For the second time this year, I arrived at Coventry airport on Friday evening to find Special Branch officers at my reception [see first time]. Again, I was the last passenger to leave the airport, having been searched and questioned for over 45 minutes under the Terrorism Act. But it was so obvious this time that it had nothing to do with 'terrorism', but more with my being an activist, or "an anarchist", as they put it.
Behind the Passport Check barrier, beside a little desk with a "Terrorism Act 2000" notice stuck on one side, stood officers 878 and 115 of Warwick Police in blue suits. Their task, allegedly, is to occasionally stop 'suspicious' Travel Document holders, or refugees, to search and ask them "a few questions." This was done "randomly", they claimed. Somehow, however, they seemed to know about me beforehand. "Weren't you supposed to come back yesterday, Mr so-and-so?" one of them asked me. It was the same officer who had stopped me last August here, at the same airport. Indeed, I had missed my flight the day before and had to buy a new ticket at Salzburg airport. "Was there a good reason to change your flight?" the other asked. "Yes, to confuse you a bit," I said with a sarcastic smile.
Terrorism and Terrorisation
After collecting my heavy baggage, they lead me to the Customs room. "It won't take long," they said. I asked them if I could just tell me friend, who was waiting outside with his car, that I would be delayed a little, but they said I was not allowed to use my phone. "It'll only be 2 minutes," they reassured me.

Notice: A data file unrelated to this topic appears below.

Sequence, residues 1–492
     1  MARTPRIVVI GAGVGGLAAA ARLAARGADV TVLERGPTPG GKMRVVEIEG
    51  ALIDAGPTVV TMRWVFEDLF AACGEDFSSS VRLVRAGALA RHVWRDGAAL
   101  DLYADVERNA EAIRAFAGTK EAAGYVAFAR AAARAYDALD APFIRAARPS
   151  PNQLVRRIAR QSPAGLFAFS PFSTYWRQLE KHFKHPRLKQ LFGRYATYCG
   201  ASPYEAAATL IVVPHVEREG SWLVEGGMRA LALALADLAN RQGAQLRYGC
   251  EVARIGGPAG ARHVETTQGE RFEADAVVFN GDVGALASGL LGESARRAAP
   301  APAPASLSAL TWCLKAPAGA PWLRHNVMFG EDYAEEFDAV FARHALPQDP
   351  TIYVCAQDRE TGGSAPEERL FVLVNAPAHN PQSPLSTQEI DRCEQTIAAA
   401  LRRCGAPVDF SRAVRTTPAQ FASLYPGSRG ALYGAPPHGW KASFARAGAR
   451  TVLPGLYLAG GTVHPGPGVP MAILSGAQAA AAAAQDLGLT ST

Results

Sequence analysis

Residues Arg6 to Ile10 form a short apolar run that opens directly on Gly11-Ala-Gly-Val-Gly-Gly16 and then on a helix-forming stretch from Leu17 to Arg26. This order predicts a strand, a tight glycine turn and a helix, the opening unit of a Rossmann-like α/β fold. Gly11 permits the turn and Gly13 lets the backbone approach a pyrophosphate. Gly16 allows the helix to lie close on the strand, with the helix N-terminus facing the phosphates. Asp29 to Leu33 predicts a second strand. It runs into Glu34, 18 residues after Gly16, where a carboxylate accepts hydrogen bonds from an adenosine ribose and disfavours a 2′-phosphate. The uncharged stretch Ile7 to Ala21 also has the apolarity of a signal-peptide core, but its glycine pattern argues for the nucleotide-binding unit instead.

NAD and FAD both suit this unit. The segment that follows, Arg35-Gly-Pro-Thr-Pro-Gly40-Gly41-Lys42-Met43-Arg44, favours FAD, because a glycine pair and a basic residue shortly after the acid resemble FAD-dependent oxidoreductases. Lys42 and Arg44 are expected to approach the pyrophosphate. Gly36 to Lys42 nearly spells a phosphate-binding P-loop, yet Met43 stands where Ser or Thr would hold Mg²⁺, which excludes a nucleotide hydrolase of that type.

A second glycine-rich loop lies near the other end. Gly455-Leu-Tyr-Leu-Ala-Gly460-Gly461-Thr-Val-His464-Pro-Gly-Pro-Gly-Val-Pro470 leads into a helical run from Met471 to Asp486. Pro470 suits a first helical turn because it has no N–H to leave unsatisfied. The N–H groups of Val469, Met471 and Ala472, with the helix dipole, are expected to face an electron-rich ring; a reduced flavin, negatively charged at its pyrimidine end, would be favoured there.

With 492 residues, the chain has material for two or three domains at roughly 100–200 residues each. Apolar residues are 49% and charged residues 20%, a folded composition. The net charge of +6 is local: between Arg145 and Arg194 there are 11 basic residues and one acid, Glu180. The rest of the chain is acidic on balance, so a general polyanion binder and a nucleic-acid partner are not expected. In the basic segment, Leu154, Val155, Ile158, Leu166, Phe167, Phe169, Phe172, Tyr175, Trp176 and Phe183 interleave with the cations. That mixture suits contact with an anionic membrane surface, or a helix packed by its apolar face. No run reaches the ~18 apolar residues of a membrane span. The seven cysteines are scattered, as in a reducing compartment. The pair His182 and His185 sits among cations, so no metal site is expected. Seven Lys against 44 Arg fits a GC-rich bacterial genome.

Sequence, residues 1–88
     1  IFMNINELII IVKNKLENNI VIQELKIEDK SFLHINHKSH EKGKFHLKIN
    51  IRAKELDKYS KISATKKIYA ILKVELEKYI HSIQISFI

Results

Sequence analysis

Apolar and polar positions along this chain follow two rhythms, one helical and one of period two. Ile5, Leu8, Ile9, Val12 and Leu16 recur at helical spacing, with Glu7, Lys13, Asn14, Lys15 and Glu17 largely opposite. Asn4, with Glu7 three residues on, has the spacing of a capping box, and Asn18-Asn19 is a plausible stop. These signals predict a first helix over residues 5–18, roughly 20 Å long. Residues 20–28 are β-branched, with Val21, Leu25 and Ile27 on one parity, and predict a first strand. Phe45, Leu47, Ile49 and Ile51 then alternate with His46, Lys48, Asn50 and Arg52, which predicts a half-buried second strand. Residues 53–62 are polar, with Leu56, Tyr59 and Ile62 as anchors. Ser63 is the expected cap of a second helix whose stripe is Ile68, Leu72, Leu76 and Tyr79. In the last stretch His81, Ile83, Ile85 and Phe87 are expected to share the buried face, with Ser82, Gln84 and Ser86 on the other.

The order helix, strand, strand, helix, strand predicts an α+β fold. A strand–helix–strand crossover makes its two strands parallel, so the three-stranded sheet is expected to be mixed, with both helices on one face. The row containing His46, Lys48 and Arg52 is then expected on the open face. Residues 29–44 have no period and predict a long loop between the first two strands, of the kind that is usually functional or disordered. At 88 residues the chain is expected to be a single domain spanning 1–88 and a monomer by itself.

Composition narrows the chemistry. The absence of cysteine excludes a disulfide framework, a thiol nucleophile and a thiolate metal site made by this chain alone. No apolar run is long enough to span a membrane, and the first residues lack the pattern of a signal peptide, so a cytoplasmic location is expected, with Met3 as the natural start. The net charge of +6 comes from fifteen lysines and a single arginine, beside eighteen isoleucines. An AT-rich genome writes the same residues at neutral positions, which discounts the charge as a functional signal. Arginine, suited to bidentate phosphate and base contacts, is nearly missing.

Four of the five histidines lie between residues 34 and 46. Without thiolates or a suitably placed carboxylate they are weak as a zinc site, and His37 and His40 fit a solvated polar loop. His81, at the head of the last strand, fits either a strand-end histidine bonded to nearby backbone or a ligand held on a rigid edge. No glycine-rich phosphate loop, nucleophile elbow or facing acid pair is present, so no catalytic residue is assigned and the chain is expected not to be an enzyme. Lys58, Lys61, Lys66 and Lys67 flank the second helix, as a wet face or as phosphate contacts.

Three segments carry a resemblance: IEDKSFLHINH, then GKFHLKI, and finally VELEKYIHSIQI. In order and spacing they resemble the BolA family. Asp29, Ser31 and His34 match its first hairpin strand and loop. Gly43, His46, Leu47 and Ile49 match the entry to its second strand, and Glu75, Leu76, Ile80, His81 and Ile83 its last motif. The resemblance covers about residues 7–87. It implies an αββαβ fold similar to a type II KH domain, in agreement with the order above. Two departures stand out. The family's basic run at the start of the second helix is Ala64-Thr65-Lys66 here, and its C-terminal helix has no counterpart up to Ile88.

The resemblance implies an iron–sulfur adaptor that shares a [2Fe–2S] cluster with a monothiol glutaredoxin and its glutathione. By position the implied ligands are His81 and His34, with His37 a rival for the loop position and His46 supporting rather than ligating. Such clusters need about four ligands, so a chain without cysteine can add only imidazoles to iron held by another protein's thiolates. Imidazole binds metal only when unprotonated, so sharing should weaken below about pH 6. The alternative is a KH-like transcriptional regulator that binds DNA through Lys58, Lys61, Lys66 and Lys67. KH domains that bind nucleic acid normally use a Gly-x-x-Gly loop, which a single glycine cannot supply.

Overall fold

After thoroughly checking my passport again and filling in a yellow Landing Card, one of them started to unpack my bags, while the other was trying to figure out how to get into my laptop. Special Branch officers apparently need some training on Linux. I asked them very firmly whether they had the right to go through my stuff and the answer was "Yes, of course. We wouldn't be doing it if we didn't, would we?" Oh yeah, tell me about that. And did they have any reasonable grounds for their suspicions, I asked. Well, my "unfriendly attitude" apparently.
At one point, after all those supposedly tricky questions, they asked why I was being so "hostile" to the authorities. "You're just giving me another reason with what you're doing now," I said. They said something about duty and safety and terrorism, so I couldn't help saying, "Look, I think this's all rubbish; you're just using that as an excuse to terrorise people and control them."
To make things worse, the younger officer asks me, with a tone I know very well, "Why did you choose to come to Britain?" "It's none of your fucking business" would have been the obvious answer, but somehow it came out as "You can ask the immigration authorities." Apparently these people also need some training on the racism implied in such questions.